I know that baseball fans in my hometown of Amsterdam New York were rooting for Kryhoski to make Stengel’s cut. That’s because he had spent part of his first year in the Yankee organization playing for the Amsterdam Rugmakers, New York’s old Class C affiliate in the Canadian American League. Not only did the Livonia, NJ native make the parent club that spring, he also returned to Amsterdam when the Yankees squared off against the Rugmakers in an exhibition and thrilled the crowd with a home run that day.
As the season began, Stengel inserted Kryhoski at first quite a bit to give the then-36-year-old Henrich a breather. Though both he and Henrich batted from the left side, Stengel played him almost exclusively against right-handed pitching. If you played first base for the Yankees and swung from the left side, you better have been able to pull the ball into the old Stadium’s short right field porch. Kryhoski’s inability to do so frustrated Casey and even though the kid had his batting average up over .300, it did not prevent Casey from looking for a better alternative among the aforementioned group of first-sackers already in the Yankee organization. When none of them caught fire, the Yankees went out and purchased “the Big Cat,” Johnny Mize from the cross-town Giants and Kryhoski’s days in Pinstripes were effectively over. He did hit .291 during his rookie season. That December, he was traded to the Tigers. He ended up playing two seasons in Detroit, three seasons for the Browns/Orioles and one more with the A’s. He retired in 1955, with a .265 career average in 569 big league games. He passed away in 2007 at the age of 82.
|BAL (3 yrs)||315||1071||980||105||255||44||7||28||126||2||68||99||.260||.312||.405||.717|
|DET (2 yrs)||172||634||590||78||158||29||4||16||76||1||36||40||.268||.313||.412||.725|
|KCA (1 yr)||28||53||47||2||10||2||0||0||2||0||6||7||.213||.302||.255||.557|
|NYY (1 yr)||54||188||177||18||52||10||3||1||27||2||9||17||.294||.335||.401||.736|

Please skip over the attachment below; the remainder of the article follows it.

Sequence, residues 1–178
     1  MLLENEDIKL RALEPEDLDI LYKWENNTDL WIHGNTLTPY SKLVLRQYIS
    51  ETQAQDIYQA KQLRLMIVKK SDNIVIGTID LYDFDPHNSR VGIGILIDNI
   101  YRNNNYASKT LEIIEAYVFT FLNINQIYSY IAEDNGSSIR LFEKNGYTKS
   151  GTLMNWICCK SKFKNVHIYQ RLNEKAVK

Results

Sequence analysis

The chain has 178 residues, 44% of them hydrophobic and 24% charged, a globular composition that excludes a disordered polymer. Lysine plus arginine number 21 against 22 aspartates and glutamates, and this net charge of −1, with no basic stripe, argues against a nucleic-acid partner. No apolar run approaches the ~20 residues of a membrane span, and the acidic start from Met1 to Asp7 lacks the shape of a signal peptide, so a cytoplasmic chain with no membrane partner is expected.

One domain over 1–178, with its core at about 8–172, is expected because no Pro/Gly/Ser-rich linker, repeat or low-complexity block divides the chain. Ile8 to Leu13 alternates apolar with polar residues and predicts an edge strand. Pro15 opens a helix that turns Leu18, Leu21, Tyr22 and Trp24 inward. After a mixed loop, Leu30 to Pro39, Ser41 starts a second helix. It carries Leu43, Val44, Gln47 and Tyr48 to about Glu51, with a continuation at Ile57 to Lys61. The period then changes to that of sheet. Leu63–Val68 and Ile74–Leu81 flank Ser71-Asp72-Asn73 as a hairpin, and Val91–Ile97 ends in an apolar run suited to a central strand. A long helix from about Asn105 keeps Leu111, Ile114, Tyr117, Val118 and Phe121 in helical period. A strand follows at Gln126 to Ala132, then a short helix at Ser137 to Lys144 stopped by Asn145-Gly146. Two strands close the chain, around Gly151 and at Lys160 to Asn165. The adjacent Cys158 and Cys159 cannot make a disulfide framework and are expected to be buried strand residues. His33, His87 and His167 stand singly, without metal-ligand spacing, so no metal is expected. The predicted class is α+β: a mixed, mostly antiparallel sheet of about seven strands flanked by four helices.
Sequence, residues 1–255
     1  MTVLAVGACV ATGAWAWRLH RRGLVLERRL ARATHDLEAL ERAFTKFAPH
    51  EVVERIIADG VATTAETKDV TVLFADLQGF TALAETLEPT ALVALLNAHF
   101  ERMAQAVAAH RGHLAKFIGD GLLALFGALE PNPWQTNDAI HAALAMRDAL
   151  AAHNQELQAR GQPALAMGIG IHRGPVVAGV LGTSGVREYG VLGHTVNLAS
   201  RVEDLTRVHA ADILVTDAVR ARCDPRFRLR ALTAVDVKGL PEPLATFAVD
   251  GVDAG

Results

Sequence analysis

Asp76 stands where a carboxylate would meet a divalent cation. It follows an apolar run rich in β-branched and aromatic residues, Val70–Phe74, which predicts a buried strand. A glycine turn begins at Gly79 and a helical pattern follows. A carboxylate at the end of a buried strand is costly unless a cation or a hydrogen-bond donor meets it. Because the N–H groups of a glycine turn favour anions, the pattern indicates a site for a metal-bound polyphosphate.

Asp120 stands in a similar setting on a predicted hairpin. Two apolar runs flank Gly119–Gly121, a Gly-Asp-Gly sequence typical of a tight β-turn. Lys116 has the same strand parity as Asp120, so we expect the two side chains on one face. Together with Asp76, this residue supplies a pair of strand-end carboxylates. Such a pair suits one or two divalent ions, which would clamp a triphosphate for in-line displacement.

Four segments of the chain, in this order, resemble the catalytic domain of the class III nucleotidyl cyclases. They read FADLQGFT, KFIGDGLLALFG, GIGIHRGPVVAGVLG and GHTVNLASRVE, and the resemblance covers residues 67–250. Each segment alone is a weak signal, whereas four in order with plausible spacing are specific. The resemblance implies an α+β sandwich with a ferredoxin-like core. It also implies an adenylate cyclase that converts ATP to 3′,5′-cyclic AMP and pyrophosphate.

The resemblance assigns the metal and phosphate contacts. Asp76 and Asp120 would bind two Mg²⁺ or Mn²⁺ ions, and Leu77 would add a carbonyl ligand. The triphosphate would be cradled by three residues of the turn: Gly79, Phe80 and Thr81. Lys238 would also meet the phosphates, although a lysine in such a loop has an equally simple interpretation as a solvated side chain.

As the Yankees’ 2000 season approached, Jorge Posada was entering his prime. The one thing Joe Torre had learned about his sensitive catcher was that he hated not playing. That helps explain why the Yankees had let his predecessor, Joe Girardi sign with the Cubs as a free agent after the 1999 season. Torre knew there were not enough games or innings available in a season to keep both guys happy so he fully committed to Posada and the Yankees began their search for a backup catcher who was good enough to catch a game when necessary but not good enough to pose a consistent threat to Jorge’s playing time.
During the 2000 spring training season, it looked as if Tom Pagnozzi would be the guy. But he had a horrible spring and a sore shoulder to boot. Today’s Birthday Celebrant, Chris Turner was Pagnozzi’s primary competition in camp and he had not set the world on fire while in Florida either. So when the team headed north it went without either guy and Jim Leyritz was designated Jorge’s backup as the season started. Then when Nick Johnson got hurt at the end of April and went on the DL, the Yanks brought up Turner and he was ready.
The Bowling Green, KY native had spent his first five big league seasons as a reserve catcher with the Angels. In 1998, he caught four games for the Royals and the following year, he got into twelve games with the Indians. Now with the Yankees, Turner got off to a hot start with his bat. At the end of July, he was hitting .360 and had an on base percentage of .418. Torre figured out how to get him into games by making him David Cone’s personal catcher. “Conie” was having a horrible 2000 season but had pitched pretty well the two times he was matched up with Turner as his battery mate. Torre made the pairing permanent.